What does Psalm 20:6 mean?
ESV: Now I know that the LORD saves his anointed; he will answer him from his holy heaven with the saving might of his right hand.
NIV: Now this I know: The LORD gives victory to his anointed. He answers him from his heavenly sanctuary with the victorious power of his right hand.
NASB: Now I know that the Lord saves His anointed; He will answer him from His holy heaven With the saving strength of His right hand.
CSB: Now I know that the Lord gives victory to his anointed; he will answer him from his holy heaven with mighty victories from his right hand.
NLT: Now I know that the Lord rescues his anointed king. He will answer him from his holy heaven and rescue him by his great power.
KJV: Now know I that the LORD saveth his anointed; he will hear him from his holy heaven with the saving strength of his right hand.
NKJV: Now I know that the Lord saves His anointed; He will answer him from His holy heaven With the saving strength of His right hand.
Verse Commentary:
David responded to the congregation's prayers for him (Psalm 20:1–5) by assuring the people that God delivers His anointed. As Israel's anointed king, David knew the Lord would answer him from heaven and reach down with His mighty right hand to deliver David from the enemy. God would send help from the sanctuary and Zion (Psalm 20:2), but He would also send help from heaven, His dwelling place.

In His covenant with David the Lord told David, "I have been with you wherever you went and have cut off all your enemies from before you" (2 Samuel 7:9). The Lord also guaranteed David that he would have rest from all his enemies (2 Samuel 7:11). As a man of faith, David took the Lord's words at face value. He was sure the Lord would grant him victory in the upcoming battle.

The Lord's right hand would protect and save David. The right hand, in ancient writing, is a symbol of strength and power. When Moses extolled the Lord for delivering the Israelites from Egypt's cavalry, he exclaimed, "Your right hand, O LORD, glorious in power, your right hand, O LORD, shatters the enemy" (Exodus 15:6).
Verse Context:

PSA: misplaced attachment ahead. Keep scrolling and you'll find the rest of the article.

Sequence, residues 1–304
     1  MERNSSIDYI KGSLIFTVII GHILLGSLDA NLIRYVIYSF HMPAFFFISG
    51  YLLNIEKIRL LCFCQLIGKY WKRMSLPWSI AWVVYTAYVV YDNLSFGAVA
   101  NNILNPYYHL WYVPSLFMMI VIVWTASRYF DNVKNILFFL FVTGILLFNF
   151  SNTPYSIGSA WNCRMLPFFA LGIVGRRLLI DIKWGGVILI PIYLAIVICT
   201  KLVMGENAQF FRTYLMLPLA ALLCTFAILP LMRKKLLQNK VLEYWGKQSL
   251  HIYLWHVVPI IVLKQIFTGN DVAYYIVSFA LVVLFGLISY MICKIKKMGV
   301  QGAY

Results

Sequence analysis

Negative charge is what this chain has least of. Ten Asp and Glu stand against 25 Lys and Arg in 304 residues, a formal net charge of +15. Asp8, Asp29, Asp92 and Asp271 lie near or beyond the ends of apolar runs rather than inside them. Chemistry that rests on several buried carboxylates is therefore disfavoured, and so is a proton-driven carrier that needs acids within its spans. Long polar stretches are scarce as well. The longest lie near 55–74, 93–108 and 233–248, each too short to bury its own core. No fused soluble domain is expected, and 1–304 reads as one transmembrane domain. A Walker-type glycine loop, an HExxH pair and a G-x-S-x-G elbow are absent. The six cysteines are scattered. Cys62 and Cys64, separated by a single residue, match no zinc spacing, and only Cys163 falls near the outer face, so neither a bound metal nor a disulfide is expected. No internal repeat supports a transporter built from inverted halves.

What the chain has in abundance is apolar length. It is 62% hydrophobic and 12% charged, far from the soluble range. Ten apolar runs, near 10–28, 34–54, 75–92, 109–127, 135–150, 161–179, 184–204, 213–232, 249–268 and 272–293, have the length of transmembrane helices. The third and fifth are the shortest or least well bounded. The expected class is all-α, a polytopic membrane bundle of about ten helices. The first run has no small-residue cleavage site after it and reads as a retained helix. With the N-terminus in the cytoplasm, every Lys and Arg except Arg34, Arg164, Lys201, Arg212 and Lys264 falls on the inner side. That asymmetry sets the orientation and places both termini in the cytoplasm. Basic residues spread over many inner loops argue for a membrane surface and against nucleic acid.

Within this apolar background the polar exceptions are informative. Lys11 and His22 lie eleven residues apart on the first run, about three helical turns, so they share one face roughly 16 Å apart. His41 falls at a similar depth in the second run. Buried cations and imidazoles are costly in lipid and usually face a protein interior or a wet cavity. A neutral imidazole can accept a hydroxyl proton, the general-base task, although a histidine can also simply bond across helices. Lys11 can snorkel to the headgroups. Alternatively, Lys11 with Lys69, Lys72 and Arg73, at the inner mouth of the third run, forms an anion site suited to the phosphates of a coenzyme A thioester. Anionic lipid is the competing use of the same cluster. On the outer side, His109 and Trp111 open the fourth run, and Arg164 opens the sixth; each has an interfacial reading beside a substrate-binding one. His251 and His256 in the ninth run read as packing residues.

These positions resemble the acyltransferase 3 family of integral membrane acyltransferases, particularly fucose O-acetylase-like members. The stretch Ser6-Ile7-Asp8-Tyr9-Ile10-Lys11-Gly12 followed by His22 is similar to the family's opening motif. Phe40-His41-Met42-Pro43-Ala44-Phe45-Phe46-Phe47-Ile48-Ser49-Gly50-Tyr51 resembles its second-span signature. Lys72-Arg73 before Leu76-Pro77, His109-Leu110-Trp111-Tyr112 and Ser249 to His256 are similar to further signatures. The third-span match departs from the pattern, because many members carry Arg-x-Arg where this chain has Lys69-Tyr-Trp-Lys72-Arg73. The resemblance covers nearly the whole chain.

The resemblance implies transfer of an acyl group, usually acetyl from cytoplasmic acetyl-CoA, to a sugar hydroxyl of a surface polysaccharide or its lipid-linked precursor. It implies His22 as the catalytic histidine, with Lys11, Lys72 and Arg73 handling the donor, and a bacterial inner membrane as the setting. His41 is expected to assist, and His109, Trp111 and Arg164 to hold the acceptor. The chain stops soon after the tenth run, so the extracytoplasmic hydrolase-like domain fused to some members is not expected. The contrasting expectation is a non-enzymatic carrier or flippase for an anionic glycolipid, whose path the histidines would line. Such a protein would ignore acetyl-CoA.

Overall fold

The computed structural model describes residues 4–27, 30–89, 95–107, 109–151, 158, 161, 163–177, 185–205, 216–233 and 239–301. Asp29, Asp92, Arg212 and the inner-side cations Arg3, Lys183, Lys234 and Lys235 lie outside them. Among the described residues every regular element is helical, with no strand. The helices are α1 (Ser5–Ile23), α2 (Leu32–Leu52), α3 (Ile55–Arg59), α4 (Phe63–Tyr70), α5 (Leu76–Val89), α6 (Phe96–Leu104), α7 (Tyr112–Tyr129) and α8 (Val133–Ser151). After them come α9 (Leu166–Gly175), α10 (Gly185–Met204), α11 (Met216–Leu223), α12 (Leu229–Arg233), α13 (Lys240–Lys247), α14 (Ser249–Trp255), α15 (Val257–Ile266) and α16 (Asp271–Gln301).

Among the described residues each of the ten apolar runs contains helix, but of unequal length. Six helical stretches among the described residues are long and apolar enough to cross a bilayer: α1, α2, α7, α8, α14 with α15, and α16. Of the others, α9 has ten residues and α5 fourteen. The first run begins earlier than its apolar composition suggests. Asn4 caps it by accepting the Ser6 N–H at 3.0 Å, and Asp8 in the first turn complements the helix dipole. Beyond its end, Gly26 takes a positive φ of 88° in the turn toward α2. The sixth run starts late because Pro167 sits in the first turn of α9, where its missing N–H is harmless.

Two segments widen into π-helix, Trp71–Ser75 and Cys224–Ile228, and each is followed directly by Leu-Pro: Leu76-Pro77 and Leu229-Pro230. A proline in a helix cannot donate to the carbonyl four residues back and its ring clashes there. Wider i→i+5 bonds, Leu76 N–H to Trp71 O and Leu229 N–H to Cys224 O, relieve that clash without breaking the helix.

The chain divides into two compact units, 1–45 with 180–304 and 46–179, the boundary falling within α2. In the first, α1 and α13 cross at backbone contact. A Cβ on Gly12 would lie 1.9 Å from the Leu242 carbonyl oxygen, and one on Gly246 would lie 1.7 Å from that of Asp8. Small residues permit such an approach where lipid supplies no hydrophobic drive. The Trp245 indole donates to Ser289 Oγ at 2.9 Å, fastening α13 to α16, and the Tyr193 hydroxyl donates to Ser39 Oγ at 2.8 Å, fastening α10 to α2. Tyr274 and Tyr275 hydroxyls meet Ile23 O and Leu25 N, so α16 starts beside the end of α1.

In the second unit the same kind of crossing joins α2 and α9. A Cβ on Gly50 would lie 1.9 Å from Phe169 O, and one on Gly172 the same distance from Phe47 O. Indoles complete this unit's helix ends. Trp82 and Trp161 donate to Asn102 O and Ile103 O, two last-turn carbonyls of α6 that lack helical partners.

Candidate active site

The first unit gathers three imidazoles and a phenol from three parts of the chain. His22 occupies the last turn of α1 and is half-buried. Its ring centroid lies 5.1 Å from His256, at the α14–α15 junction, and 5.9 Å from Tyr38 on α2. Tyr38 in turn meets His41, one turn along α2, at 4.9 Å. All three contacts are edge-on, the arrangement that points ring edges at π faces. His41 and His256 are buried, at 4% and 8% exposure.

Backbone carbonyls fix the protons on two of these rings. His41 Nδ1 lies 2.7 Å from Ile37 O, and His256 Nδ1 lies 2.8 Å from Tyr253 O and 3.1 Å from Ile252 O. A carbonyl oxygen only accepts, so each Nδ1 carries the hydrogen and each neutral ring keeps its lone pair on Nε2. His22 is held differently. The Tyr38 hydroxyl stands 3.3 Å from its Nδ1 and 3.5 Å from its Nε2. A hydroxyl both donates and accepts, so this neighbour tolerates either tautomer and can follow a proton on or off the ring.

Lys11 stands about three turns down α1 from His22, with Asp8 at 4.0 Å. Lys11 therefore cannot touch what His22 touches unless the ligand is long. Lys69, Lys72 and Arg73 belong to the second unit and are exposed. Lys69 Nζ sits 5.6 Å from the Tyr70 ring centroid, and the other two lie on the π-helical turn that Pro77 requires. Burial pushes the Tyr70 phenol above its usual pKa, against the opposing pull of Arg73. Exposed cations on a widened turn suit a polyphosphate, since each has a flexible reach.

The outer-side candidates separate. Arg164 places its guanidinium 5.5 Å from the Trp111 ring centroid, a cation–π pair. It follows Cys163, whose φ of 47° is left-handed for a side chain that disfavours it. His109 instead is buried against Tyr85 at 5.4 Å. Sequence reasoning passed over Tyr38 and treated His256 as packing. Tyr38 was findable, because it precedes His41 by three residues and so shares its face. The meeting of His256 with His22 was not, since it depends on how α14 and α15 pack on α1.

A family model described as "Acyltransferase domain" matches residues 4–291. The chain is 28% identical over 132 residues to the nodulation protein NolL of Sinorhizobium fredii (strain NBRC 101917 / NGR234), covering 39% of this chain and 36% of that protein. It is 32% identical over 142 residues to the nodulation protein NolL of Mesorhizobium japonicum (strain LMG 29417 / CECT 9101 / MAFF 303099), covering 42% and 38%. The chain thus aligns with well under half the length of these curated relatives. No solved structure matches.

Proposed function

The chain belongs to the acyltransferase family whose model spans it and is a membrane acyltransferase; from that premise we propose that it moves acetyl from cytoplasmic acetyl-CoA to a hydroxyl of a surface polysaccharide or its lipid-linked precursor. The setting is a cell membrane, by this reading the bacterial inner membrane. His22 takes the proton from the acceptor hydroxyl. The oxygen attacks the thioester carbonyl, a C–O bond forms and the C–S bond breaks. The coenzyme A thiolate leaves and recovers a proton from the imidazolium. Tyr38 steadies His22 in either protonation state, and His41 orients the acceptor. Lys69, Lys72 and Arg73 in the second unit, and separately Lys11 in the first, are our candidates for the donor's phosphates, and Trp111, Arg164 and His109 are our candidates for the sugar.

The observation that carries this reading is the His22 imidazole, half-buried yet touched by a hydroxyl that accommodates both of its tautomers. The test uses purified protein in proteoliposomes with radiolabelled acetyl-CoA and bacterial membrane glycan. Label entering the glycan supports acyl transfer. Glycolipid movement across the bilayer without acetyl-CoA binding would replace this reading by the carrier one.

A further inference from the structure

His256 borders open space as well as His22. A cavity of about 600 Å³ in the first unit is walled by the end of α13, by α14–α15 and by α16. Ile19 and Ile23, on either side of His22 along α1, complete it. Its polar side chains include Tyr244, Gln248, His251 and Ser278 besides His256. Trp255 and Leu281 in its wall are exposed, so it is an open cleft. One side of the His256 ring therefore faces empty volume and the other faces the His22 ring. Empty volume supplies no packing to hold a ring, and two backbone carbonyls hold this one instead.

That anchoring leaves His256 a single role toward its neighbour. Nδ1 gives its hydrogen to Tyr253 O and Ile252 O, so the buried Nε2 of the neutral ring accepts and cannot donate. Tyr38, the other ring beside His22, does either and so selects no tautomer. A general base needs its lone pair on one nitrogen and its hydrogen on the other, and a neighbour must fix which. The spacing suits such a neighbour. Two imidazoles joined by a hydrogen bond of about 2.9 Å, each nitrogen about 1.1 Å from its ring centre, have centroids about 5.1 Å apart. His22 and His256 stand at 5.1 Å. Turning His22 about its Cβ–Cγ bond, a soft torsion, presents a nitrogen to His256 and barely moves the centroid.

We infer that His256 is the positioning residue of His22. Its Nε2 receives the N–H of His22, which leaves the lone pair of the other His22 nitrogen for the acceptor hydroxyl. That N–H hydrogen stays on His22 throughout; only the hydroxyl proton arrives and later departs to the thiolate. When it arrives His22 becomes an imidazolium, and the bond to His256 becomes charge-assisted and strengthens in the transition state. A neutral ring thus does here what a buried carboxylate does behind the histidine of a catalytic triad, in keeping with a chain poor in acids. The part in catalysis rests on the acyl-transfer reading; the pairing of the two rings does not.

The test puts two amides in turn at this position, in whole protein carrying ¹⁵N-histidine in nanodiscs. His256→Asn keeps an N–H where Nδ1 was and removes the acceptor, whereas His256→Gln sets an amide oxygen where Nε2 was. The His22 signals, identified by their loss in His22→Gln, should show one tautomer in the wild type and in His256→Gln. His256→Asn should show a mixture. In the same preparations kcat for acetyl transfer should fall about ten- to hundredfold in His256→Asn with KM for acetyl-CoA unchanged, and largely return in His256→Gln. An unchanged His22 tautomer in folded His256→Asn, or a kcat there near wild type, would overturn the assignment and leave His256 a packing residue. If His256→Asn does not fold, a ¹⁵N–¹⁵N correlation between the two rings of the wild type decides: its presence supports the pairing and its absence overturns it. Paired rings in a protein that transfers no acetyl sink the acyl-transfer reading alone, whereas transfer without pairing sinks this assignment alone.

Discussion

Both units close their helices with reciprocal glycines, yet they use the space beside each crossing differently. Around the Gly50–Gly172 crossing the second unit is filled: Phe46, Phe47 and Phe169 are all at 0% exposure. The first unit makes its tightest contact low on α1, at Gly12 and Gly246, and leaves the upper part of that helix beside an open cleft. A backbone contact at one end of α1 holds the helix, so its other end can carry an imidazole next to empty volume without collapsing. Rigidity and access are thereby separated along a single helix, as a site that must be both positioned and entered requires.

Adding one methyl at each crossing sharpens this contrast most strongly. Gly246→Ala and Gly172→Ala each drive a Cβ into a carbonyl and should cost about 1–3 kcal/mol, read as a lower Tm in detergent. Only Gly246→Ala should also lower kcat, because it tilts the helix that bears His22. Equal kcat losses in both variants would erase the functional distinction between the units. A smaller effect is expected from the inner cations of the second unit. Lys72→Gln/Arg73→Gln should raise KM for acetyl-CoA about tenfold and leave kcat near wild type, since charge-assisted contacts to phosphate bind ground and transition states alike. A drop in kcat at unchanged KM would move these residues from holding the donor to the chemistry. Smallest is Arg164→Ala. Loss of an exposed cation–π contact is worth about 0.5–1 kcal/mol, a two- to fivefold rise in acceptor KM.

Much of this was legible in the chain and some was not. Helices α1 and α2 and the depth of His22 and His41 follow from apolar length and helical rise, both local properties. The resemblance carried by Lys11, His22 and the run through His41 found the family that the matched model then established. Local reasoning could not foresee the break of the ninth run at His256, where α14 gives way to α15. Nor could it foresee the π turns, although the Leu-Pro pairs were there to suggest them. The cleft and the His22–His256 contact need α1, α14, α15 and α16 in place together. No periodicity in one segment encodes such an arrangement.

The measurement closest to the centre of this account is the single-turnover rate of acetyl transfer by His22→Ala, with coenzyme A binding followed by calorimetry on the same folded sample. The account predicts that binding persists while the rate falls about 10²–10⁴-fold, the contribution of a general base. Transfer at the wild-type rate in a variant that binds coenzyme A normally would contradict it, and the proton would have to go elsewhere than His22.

Psalm 20:6–9 assures the congregation that the Lord will grant David victory over the enemy. His words express strong confidence in the Lord. The passage reminds us of the confidence in the Lord that Daniel's three friends had when they were threatened with the fiery furnace (Daniel 3:16–18), and it reminds us of the victory over the lions that God gave to Daniel, who consistently prayed (Daniel 6:19–24). Psalm 91 similarly expresses confidence in the Lord in treacherous times.
Chapter Summary:
David prepares for battle. He offers prayer and sacrifices in the tabernacle and trusts in the Lord for victory. His army is ready to march into battle, and it is organized into groups, each with its banner. The congregation voices its invocation, asking the Lord to protect, help, support, and give David success. King David responds by assuring the congregation that the Lord answers prayer and will grant him victory over the enemy. He is certain the enemy will fall while he and his men will stand. Finally, the congregation calls upon the Lord to answer their prayer to save the king.
Chapter Context:
This psalm was written by David as a prayer before he went into battle. Psalm 21 offers praise for victory. It seems David had entered the tabernacle to pray before going to battle. The tone of the psalm is somber and urgent, whereas the tone of the next psalm (Psalm 21:1) is joyful. Perhaps our Lord's prayer in the garden of Gethsemane resembles the prayer in Psalm 20. At Gethsemane Jesus struggled with the prospect of suffering and dying and prayed for deliverance (Luke 22:39–44).
Book Summary:
The book of Psalms is composed of individual songs, hymns, or poems, each of which is a ''Psalm'' in and of itself. These works contain a wide variety of themes. Some Psalms focus on praising and worshipping God. Others cry out in anguish over the pain of life. Still other Psalms look forward to the coming of the Messiah. While some Psalms are related, each has its own historical and biblical context.
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